Structural Investigations of Surfaces and Orientation-SpecificPhenomena in Nanocrystals and Their Assemblies

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Studies of colloidal nanocrystals and their assemblies are presented. Two of these studies concern the atomic-level structural characterization of the surfaces, interfaces, and interiors present in II-VI semiconductor nanorods. The third study investigates the crystallographic arrangement of cobalt nanocrystals in self-assembled aggregates. Crystallographically-aligned assemblies of colloidal CdSe nanorods are examined with linearly-polarized Se-EXAFS spectroscopy, which probes bonding along different directions in the nanorod. This orientation-specific probe is used, because it is expected that the presence of specific surfaces in a nanorod might cause bond relaxations specific to different crystallographic directions. Se-Se distances are found to be contracted along the long ... continued below

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Aruguete, Deborah Michiko June 17, 2006.

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Studies of colloidal nanocrystals and their assemblies are presented. Two of these studies concern the atomic-level structural characterization of the surfaces, interfaces, and interiors present in II-VI semiconductor nanorods. The third study investigates the crystallographic arrangement of cobalt nanocrystals in self-assembled aggregates. Crystallographically-aligned assemblies of colloidal CdSe nanorods are examined with linearly-polarized Se-EXAFS spectroscopy, which probes bonding along different directions in the nanorod. This orientation-specific probe is used, because it is expected that the presence of specific surfaces in a nanorod might cause bond relaxations specific to different crystallographic directions. Se-Se distances are found to be contracted along the long axis of the nanorod, while Cd-Se distances display no angular dependence, which is different from the bulk. Ab-initio density functional theory calculations upon CdSe nanowires indicate that relaxations on the rod surfaces cause these changes. ZnS/CdS-CdSe core-shell nanorods are studied with Se, Zn, Cd, and S X-ray absorption spectroscopy (XAS). It is hypothesized that there are two major factors influencing the core and shell structures of the nanorods: the large surface area-to-volume ratio, and epitaxial strain. The presence of the surface may induce bond rearrangements or relaxations to minimize surface energy; epitaxial strain might cause the core and shell lattices to contract or expand to minimize strain energy. A marked contraction of Zn-S bonds is observed in the core-shell nanorods, indicating that surface relaxations may dominate the structure of the nanorod (strain might otherwise drive the Zn-S lattice to accommodate the larger CdS or CdSe lattices via bond expansion). EXAFS and X-ray diffraction (XRD) indicate that Cd-Se bond relaxations might be anisotropic, an expected phenomenon for a rod-shaped nanocrystal. Ordered self-assembled aggregates of cobalt nanocrystals are examined with transmission electron microscopy (TEM) and selected-area electron diffraction (SAED). SAED patterns from multilayered assemblies show that the nanocrystals have preferred crystallographic orientations. It is proposed that the nanocrystals are organized in a vortex-like or ''loop-closing'' arrangement, possibly due to magnetism. SAED and dark-field imaging used to investigate this hypothesis are presented, along with the data analysis. The effects of magnetism and nanocrystal faceting are discussed.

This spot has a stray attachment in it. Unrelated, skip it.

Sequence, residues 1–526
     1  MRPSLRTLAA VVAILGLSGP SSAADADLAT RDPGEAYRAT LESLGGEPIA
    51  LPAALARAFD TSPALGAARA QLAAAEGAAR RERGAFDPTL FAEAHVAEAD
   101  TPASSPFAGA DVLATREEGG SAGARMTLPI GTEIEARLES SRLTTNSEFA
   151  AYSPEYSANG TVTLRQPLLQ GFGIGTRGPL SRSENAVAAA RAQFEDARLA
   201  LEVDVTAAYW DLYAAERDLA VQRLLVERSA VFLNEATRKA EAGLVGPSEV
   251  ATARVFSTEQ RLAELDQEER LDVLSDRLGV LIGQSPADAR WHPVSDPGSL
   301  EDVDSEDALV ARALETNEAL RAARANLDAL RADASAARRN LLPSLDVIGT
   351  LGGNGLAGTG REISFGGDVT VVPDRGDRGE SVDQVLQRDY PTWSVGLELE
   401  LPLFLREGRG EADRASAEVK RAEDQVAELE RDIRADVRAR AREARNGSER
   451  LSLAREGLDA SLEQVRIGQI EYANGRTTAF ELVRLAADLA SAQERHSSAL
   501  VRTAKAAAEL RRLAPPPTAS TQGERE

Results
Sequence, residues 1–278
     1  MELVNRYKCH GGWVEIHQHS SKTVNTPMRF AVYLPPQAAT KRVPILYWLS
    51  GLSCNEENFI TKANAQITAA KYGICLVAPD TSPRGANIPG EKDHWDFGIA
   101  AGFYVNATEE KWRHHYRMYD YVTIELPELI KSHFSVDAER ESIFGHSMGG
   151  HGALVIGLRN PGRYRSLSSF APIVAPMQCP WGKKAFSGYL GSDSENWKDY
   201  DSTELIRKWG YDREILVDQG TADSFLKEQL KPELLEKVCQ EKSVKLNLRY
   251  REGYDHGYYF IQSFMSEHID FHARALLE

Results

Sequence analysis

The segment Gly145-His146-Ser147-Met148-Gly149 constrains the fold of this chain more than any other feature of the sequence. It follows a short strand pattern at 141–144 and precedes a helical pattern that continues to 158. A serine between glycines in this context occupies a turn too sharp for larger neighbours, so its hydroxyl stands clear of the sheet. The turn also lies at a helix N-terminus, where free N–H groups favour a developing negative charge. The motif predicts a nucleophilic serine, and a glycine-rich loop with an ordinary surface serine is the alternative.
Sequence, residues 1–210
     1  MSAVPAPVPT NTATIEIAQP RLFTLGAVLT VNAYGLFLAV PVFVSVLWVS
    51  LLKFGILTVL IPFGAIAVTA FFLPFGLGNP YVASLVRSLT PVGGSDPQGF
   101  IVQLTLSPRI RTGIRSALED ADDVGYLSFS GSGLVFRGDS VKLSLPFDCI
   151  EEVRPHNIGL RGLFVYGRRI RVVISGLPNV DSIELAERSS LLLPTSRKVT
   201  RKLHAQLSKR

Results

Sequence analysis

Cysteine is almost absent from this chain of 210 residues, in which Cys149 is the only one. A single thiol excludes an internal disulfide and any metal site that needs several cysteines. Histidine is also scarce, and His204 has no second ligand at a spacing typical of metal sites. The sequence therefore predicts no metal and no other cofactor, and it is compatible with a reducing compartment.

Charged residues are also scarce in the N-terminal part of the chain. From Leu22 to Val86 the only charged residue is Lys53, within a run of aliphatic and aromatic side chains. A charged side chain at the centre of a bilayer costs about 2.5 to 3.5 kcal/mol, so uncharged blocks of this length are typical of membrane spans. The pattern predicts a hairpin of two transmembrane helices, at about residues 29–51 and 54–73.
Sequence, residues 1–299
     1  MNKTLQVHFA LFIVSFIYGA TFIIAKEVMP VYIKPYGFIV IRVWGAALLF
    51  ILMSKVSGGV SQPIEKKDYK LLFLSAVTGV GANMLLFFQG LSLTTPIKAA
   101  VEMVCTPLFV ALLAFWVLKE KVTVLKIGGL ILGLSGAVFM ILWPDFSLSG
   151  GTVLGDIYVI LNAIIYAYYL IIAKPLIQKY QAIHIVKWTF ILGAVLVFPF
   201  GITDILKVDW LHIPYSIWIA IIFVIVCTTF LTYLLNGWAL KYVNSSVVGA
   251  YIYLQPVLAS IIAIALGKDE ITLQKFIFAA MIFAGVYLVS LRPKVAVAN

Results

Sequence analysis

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  • Report No.: LBNL--60295
  • Grant Number: DE-AC02-05CH11231
  • Office of Scientific & Technical Information Report Number: 901229
  • Archival Resource Key: ark:/67531/metadc877204

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Office of Scientific & Technical Information Technical Reports

Reports, articles and other documents harvested from the Office of Scientific and Technical Information.

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  • June 17, 2006

Added to The UNT Digital Library

  • Sept. 22, 2016, 2:13 a.m.

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  • Sept. 29, 2016, 7:04 p.m.

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Aruguete, Deborah Michiko. Structural Investigations of Surfaces and Orientation-SpecificPhenomena in Nanocrystals and Their Assemblies, thesis or dissertation, June 17, 2006; Berkeley, California. (digital.library.unt.edu/ark:/67531/metadc877204/: accessed October 22, 2017), University of North Texas Libraries, Digital Library, digital.library.unt.edu; crediting UNT Libraries Government Documents Department.